Friendships are not only a source of fun; they also help children to grow in meaningful ways. Having friends create a sense of identity for children and one important aspect is learning how their peers react to them. They learn to grow beyond self-interest and shift from thinking solely to a more emphatic perspective towards others.

Having a friend teaches them how to temper selfish urges and open the way for negotiation, compromise and even generosity.

Why it is harder for Children to develop Friendships Nowadays

When parents jam packed their children’s activities as much as possible and  more families are becoming smaller and more dispersed; our children are having lesser time to interact with peers outside.

With the introduction of video games and social media, our children are beginning to have an increasingly misconstrued image of what are friends. Most children are beginning to look upon the number of virtual “friends” and “likes” as a basis for self-worth. Others believe that maintaining virtual friendships via video games is a form of social contact. What they don’t understand that this is a very diluted form of social contact and is really a easy way to tune out the social world in time to come.

How to Develop Friendships

Learning friendship skills is really like doing a math problem sum. Both involve three processes : seeing, thinking and doing.

For example, a child needs to read a math problem sum before recognising that it is a subtraction problem. Then, the child needs to think of the right strategy to to work out the sum correctly in order to solve the problem. Cam this sum be solved with little practice? Chances are, they will need to practice it several times before they are good at it.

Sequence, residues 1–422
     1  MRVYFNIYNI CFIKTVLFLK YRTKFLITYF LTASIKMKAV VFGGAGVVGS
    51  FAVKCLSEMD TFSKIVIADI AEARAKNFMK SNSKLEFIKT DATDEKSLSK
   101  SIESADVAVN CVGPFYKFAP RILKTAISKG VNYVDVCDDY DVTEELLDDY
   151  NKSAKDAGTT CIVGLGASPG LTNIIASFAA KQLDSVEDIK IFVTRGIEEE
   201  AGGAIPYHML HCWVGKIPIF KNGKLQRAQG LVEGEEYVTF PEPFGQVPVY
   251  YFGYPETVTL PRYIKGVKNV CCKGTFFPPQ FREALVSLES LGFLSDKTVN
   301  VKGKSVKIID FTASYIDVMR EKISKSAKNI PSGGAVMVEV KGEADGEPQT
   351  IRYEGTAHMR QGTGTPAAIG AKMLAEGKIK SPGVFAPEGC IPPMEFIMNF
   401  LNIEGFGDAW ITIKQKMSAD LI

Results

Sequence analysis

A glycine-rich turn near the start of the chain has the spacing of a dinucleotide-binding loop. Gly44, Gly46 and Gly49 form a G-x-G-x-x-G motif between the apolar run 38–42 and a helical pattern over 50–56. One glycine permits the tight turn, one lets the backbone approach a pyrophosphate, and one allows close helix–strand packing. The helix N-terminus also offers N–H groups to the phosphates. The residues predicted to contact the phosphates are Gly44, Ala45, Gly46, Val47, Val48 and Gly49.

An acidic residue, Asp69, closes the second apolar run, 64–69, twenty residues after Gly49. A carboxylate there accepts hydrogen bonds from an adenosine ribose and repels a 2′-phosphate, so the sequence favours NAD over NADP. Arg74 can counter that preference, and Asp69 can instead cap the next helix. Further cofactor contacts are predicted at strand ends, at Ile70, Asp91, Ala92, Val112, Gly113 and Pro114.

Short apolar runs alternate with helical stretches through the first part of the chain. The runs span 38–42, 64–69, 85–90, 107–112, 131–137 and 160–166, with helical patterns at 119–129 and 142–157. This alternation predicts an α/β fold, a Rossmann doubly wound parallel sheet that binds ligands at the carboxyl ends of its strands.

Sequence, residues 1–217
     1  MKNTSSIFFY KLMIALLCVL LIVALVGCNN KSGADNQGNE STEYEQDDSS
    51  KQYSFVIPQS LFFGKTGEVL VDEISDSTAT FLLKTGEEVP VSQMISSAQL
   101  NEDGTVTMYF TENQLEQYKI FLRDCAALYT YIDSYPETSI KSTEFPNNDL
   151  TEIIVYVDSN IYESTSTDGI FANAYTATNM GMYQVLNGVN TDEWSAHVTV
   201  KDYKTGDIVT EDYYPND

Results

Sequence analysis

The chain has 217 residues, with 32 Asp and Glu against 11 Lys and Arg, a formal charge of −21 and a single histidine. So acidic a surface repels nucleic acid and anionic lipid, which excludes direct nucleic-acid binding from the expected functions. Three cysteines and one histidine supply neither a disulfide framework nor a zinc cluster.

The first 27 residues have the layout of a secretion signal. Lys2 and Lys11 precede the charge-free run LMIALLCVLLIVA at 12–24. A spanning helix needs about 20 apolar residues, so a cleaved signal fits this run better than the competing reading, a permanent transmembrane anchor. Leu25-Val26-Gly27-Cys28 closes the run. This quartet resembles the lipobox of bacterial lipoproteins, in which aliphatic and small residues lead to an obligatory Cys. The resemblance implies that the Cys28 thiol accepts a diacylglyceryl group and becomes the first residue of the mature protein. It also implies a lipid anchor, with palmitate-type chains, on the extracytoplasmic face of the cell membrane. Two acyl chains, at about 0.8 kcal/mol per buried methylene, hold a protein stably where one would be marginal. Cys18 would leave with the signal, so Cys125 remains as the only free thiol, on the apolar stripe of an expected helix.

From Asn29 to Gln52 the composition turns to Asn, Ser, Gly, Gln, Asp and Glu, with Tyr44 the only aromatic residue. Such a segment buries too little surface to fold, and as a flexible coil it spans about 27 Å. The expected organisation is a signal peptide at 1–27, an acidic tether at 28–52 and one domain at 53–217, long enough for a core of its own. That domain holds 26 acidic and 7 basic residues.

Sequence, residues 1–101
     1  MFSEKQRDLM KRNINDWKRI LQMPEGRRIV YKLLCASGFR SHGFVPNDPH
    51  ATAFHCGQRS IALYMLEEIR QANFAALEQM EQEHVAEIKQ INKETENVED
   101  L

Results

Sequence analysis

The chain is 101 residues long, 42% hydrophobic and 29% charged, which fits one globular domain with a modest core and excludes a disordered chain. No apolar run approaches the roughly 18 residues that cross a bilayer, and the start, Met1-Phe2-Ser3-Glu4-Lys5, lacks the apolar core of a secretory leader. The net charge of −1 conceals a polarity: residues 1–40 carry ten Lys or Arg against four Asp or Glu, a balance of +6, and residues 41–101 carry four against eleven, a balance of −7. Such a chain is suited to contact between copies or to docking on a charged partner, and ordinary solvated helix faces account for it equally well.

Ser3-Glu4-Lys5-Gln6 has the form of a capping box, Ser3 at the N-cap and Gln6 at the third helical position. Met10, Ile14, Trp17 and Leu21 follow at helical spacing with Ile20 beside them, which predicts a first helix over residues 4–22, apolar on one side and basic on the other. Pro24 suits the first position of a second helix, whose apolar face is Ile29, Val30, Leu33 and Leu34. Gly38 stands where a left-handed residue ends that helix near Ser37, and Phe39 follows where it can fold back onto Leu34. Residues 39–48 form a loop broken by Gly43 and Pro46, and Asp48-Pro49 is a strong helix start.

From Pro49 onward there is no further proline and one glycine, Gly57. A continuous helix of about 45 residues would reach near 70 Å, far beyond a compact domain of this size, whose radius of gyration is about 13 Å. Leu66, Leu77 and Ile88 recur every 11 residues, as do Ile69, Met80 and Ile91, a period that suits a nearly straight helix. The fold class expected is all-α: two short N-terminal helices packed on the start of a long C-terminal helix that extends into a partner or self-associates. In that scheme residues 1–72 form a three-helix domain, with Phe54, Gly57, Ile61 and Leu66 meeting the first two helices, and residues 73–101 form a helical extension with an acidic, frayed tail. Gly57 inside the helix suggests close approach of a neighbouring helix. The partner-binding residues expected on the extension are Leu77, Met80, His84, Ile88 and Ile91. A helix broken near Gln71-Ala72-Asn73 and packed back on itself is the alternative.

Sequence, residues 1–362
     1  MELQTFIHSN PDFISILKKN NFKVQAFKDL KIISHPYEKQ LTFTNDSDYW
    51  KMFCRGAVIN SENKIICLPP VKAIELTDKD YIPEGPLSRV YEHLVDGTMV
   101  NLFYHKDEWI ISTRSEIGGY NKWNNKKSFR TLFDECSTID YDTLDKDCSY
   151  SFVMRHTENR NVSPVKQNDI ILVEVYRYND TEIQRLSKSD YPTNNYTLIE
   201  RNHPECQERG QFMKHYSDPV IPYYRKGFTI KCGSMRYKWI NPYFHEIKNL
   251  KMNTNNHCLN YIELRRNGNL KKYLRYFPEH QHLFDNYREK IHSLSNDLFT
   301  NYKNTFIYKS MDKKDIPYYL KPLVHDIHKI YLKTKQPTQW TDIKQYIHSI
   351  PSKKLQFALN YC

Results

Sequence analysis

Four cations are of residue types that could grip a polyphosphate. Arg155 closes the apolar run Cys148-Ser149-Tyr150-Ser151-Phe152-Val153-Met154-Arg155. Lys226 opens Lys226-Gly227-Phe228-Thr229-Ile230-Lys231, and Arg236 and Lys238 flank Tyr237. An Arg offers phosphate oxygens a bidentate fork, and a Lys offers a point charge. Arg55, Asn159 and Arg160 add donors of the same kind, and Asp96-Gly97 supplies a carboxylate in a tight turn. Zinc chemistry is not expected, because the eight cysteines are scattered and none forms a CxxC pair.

This is similar to a social situation. First, the child must be able to see what’s going on by picking up social cues from different settings. Only then are they able to decide the best appropriate actions from the various behavioural responses possible.


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They also need to recognise if they are actually contributing to the problems as well by monitoring the reactions of others. This will allow them to select another course of action instead. Children who are unable to pick up these cues will find themselves ostracised as they may have unwittingly offend others or persist in actions that others found irritating.

The children must also be able to think about social situations by interpreting and understand actions of others. This can also help them to come up with effective strategies to influence peers in desired ways. To do this, they must know what are the expected behaviours and being able to predict others’ likely responses to their actions. Otherwise they may often misjudge a situation and will not be sure of how to react.

Lastly, the children must have many chances to interact with others positively so that they can feel genuinely confident and comfortable in social situations. If not, they may freeze up and feel anxious before blurting out an inappropriate comment.

Facing a Friendship Issue

While most of us may rush in to help our child with their friendship problems, it is advisable to let your child handle it first while you listen and emphasise with them at the side. Do not ask questions such as “Was anyone mean to you today?” As this sets them up for the victim mentality.


RELATED: When Your Child Withdraws Socially instead of Just being an Introvert


If all else fails, ask your child’s teacher as they may be in the know of the social situation. The teacher can be the one who guides your child toward better choices or mediating between conflicts.

Making friends is tricky. For the next few posts, we will be taking a look at the various issues that occur when making friends.